Like “Brewster’s Millions”, But Less Plausible…

This is how I know, beyond a shadow of a doubt, that print journalism must be anachronistic, irrelevant and doomed:  I have been asked to write a piece on the Leafs for publication in an actual hold-it-in-your-hand, you-could-drop-that-thing-and-bruise-a-toe book.   And get this:  I am told that I will be getting paid to do this thing.  From this latter fact, I conclude that the publishers of this tome are almost certainly lunatic immigrant millionaires with a tenuous-to-non-existent grasp on the English language.  Believing that they are allergic to money,  I suspect they have resolved to rid themselves of the cursed lucre in the most pro-social way possible;  by contributing to the publication of a well-respected and important medical journal filled with scholarly research.  I just pray someone has a camera when these well-meaning but misguided philanthropists are presented with the finished product – I foresee an instant and compelling portrait of blinking uncomprehension and, quite possibly, some feces throwing.

I can’t give out a lot of details at the moment, mostly because I don’t want you to steal this gig from me, but rest assured I will be pimping the book like a madman once it has been brought into existence.   As much as you are now staring at the screen, cursing the rotten luck that leaves you bereft of detail, I can promise you that you will someday remember fondly the happy times before this godforsaken book was mentioned by me in every sentence.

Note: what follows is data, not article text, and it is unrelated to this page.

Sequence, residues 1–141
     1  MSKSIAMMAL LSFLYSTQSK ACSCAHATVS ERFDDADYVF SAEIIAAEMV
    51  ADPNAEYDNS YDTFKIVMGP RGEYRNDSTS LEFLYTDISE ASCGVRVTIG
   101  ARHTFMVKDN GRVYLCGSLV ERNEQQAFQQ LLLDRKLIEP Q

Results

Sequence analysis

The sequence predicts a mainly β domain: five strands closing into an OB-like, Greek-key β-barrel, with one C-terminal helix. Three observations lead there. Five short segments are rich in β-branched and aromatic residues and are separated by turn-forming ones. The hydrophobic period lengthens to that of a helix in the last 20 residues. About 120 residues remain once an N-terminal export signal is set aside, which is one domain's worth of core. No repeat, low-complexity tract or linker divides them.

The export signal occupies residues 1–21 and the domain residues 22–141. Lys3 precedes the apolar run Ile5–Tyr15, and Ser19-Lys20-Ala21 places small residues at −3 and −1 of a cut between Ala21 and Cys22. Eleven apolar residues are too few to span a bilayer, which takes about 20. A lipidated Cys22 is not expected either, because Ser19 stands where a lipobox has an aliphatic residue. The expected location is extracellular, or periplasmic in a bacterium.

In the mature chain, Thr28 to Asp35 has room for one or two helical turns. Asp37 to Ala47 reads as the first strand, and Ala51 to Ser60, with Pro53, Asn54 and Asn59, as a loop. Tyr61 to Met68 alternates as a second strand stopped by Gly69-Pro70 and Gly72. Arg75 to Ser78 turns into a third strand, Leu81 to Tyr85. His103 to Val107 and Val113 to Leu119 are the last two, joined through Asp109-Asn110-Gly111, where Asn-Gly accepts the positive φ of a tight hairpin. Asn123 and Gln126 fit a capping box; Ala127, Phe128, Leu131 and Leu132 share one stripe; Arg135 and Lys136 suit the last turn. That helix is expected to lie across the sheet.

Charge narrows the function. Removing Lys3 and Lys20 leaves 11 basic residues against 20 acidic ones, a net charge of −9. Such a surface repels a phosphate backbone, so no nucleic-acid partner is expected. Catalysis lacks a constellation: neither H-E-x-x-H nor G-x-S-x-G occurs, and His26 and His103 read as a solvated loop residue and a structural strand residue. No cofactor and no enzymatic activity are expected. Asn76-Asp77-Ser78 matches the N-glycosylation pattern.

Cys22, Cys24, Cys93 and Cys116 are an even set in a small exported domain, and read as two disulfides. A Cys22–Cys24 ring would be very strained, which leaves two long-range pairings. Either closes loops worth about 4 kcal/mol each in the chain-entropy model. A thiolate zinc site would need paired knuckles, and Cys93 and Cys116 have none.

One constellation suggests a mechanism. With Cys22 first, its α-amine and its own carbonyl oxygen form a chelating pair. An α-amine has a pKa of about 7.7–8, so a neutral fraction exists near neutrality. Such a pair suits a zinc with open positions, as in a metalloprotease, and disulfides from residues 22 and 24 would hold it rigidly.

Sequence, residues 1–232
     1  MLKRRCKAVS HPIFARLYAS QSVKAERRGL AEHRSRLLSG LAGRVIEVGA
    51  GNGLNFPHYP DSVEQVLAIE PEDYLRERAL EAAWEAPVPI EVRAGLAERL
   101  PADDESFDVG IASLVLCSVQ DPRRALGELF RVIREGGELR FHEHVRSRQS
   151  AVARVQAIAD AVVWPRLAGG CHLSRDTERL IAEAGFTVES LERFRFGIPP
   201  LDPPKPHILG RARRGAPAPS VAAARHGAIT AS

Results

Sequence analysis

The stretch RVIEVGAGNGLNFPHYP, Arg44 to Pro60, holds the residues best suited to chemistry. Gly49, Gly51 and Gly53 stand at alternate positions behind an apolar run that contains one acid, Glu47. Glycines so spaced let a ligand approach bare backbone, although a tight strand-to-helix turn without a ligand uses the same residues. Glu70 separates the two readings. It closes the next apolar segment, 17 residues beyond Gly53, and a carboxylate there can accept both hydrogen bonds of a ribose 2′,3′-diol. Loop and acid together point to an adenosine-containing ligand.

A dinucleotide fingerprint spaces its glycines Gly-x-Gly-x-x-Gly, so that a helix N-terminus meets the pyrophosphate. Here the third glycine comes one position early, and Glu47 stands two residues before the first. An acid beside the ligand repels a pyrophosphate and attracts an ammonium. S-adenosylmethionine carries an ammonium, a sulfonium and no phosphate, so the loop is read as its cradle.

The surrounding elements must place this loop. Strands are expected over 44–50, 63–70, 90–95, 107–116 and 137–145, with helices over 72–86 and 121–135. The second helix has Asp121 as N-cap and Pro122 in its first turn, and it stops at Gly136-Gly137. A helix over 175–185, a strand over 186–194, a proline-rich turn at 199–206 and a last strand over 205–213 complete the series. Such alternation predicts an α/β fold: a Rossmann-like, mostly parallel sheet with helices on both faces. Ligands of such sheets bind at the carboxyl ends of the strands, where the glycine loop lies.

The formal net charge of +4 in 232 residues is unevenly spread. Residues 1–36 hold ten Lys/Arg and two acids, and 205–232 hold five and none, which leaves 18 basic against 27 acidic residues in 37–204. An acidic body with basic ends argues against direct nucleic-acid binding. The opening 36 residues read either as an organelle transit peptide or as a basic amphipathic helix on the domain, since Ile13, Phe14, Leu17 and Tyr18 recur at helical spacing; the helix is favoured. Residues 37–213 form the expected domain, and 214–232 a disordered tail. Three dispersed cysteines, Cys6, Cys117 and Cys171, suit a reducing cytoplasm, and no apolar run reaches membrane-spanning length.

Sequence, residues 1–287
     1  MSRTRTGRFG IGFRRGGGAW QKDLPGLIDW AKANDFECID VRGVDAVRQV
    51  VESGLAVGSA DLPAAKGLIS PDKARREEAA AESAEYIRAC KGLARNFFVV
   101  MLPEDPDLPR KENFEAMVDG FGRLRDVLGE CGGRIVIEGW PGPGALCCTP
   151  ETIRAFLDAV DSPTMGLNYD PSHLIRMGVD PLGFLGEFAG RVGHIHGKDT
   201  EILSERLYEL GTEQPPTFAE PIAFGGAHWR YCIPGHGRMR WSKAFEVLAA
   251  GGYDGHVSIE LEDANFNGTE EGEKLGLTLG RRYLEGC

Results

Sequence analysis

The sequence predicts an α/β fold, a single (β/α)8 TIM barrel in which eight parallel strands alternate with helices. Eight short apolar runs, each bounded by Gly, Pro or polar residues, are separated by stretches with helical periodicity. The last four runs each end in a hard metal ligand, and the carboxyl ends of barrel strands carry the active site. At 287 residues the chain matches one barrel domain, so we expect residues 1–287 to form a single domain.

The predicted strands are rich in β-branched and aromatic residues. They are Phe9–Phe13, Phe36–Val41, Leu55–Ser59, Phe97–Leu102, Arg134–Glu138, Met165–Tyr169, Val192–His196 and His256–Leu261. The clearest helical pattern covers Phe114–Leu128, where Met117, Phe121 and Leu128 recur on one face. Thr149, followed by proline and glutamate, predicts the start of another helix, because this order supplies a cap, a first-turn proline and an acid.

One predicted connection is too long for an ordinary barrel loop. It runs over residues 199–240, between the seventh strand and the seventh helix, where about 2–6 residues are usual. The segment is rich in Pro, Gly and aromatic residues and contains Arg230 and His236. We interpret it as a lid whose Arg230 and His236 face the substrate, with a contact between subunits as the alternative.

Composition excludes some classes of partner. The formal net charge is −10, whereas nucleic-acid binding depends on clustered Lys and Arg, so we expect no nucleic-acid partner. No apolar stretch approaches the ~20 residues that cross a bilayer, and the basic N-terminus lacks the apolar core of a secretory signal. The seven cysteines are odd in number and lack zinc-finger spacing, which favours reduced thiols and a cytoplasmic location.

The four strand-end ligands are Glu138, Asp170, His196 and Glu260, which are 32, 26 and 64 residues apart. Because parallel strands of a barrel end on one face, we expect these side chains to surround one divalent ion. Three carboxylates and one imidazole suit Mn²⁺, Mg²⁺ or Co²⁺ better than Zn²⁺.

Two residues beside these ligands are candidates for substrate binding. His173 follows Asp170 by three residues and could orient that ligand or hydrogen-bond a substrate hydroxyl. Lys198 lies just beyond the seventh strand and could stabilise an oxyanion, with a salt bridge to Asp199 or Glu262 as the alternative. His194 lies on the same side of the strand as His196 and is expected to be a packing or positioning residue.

I’ll bet you can’t wait to be that unhappy.  In the meantime, I am busy trying to figure out how the hell I am going to manage to get everything done that I will need to:  for example, not only do I now have to find the time to research and write the piece, if I am going to be a writer I also have to make sure that I spend the correct amount of time bellyaching about how making the deadline is going to be a bitch and so on.  I guess this post is a pretty good start on that.  I must be a quick learner.

All kidding aside, I do have some degree of concern about taking on yet another project:  at present, for those of you keeping track, I am (theoretically) in the middle of:

And those are just the projects I’ve blogged about!  I also have it in my mind to convert some old VHS video to digital (I spent a large part of last Saturday wondering why I haven’t yet converted my copy of Leafs/Kings Game 7 in ’93 to an iPod-friendly format so that I can watch it whenever I feel the urge.   This, as much as it may be a cry for help,  is not a lie.)   There are also three or four crates of old vinyl LPs that are practically begging for my attention, so much of my (formerly?) beloved music desperate to enter the 21st century at last.

Anyway, no doubt some of my time tippy-tapping away at my article will take away somewhat from the time I have available to examine my navel here for your benefit;  you must be devastated, I can tell.  I have to say, though, that over the last week or so, I’ve enjoyed spending a few minutes in front of the blank screen with the cursor blinking and a hundred poopy jokes wanting to be written.  I guess I’m having fun writing, and I’ve pushed back a little bit at the multi-armed time-eating monster that my job has recently become.  I have been forcing myself to make just a little bit of time to sit here and flap my virtual gums at you, and it has made me feel a bit better, so I am going to try (see the list of projects above) to keep it up.